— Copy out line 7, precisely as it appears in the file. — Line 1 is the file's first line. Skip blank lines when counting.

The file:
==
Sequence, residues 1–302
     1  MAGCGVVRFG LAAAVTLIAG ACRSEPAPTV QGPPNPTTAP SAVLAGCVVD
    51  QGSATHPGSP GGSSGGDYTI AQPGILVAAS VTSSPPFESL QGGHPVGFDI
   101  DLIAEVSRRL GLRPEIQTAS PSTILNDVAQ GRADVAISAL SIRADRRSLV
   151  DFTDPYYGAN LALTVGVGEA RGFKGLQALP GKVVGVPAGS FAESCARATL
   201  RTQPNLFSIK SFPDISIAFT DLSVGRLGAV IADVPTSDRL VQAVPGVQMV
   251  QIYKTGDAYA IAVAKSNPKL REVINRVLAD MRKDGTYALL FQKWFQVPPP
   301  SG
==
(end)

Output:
   251  QIYKTGDAYA IAVAKSNPKL REVINRVLAD MRKDGTYALL FQKWFQVPPP